Fish is part of a healthy balanced diet, but eating wild fish and shellfish caught in park waters is not risk free. Parks are “islands”, but the much larger “ocean” that surrounds them affects the natural resources inside a park. Other aquatic toxins are the result of natural biological processes. Also, chemical contaminants that originate outside of park boundaries can come into parks.

Mercury is an example of a toxin originating outside a park that can find its way into a park. Mercury exists naturally in some rocks, including coal. When power plants burn coal, mercury can travel in the air long distances before falling to the ground, usually in low concentrations. Once on the ground, microorganisms can change this elemental mercury to methyl mercury. This type of mercury can build up in animal tissues, and it can increase in concentration to harmful levels. This high concentration can occur in large predatory fish - those often pursued and eaten by anglers. Studies have shown that fish in some National Park System waters have mercury levels that may be a concern to people who regularly eat a lot of fish.

Mammoth Cave National Park Fish Consumption Advisories

  • All Kentucky waters are under a consumption advisory for mercury.

More information about fish consumption advisories throughout Kentucky are available from the Kentucky Department of Fish & Wildlife Resources.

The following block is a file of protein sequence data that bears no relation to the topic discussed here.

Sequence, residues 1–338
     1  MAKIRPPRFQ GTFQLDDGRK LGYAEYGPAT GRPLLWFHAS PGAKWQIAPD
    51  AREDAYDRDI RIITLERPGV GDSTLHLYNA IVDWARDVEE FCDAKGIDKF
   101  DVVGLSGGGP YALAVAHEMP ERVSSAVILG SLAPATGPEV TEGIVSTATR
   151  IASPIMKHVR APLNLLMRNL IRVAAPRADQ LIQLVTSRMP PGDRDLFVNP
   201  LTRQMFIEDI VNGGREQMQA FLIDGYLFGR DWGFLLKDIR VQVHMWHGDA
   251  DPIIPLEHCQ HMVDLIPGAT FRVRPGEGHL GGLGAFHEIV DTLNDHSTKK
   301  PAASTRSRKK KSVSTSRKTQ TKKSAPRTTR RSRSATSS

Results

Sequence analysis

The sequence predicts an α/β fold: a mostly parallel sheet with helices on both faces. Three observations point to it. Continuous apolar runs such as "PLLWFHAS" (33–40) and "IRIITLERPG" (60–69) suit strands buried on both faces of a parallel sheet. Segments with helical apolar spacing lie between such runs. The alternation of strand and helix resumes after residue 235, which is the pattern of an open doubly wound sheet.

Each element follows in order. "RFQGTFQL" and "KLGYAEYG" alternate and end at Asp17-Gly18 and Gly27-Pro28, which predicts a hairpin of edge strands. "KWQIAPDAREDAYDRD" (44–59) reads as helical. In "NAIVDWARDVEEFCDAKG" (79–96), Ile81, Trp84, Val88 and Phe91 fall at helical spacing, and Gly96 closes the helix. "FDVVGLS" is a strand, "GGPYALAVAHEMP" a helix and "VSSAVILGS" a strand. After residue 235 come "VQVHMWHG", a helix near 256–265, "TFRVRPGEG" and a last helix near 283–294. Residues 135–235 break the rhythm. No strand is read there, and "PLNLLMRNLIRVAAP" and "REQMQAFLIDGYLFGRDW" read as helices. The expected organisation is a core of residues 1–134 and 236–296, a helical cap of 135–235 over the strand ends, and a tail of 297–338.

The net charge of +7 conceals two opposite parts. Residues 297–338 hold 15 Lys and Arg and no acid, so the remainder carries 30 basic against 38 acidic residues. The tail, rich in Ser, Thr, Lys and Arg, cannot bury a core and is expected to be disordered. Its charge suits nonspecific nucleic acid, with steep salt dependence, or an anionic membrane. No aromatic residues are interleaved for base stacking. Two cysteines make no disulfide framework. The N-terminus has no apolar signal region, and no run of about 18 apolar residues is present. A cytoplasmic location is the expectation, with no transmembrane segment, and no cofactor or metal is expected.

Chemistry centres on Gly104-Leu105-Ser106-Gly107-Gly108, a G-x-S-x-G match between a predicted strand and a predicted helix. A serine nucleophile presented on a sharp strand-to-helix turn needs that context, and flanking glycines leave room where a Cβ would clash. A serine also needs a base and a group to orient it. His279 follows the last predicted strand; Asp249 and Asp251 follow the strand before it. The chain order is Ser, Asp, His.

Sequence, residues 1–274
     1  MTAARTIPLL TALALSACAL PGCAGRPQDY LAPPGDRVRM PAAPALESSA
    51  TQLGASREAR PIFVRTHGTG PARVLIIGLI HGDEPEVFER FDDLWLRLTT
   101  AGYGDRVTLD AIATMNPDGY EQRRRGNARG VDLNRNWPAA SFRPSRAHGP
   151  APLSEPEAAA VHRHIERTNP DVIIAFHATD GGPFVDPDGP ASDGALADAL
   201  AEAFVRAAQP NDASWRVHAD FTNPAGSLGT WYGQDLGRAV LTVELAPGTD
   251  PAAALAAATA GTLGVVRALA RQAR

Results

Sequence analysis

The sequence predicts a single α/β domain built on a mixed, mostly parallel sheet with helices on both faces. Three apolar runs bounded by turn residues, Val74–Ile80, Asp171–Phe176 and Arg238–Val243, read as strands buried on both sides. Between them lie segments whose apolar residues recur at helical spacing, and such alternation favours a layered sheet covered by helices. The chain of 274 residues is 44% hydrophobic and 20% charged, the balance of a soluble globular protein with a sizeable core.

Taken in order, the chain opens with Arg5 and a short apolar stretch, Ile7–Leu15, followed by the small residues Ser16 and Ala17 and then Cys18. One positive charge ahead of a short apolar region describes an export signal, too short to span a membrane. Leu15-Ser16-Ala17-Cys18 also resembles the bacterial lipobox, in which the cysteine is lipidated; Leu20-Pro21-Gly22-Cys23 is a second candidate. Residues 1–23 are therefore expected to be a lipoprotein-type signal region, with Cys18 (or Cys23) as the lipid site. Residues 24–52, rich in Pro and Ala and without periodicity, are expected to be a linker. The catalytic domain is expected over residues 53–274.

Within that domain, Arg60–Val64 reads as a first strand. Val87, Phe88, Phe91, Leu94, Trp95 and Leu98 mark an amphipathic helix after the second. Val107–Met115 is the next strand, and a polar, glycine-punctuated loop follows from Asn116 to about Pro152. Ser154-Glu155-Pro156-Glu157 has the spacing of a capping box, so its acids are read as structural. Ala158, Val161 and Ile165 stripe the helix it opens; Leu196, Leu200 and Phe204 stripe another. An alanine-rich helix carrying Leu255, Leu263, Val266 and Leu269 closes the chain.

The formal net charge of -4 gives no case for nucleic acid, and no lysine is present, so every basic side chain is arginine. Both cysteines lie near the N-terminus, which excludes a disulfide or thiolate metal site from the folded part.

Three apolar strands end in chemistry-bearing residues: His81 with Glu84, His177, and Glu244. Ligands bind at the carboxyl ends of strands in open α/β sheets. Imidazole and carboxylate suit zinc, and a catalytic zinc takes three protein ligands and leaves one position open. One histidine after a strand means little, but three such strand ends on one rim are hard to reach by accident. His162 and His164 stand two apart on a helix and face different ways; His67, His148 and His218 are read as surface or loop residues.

To learn more about this topic, the National Park Service maintains information about Fish Consumption Advisories and Mercury and Toxins in Nature.

 
A young man fishing in Green River at Mammoth Cave National Park
Fishing along the Green River

NPS Photo

 

Aquatic Invasive Species

Imagine your favorite fishing spot and the wonderful memories. Things may look fine but underneath the surface there is a serious threat. Everything you remembered is now cemented together in a sharp, smelly mess. Invaders have wiped out the fish species you used to catch.

Aquatic invasive species are not native to an ecosystem. Their introduction can cause harm to the economy, the environment, or to human health. Aquatic invasive species are a growing risk to parks and their values. In the United States alone, there are more than 250 non-native aquatic species.

For many centuries, humans have contributed to spreading non-native species around the globe. You can make a difference. To learn more about Aquatic Invasive Species in the National Park Service, visit their Fish & Fishing website.

How You Can Help – Stop Aquatic Hitchhikers

You can help stop the spread of aquatic invasive species in park waters and other waterways by following the simple guidelines outlined by the campaign to Stop Aquatic Hitchhikers!

 

Fishing Throughout the National Park Service

We invite you to visit the Fish and Fishing website for more information about fish and fishing in the National Park Service. You will learn about conservation, different fish species, and parks that offer fishing.

Last updated: February 26, 2021

Contact the Park

Mailing Address:

P.O. Box 7
Mammoth Cave, KY 42259-0007

Phone:

(270) 758-2180

Contact Us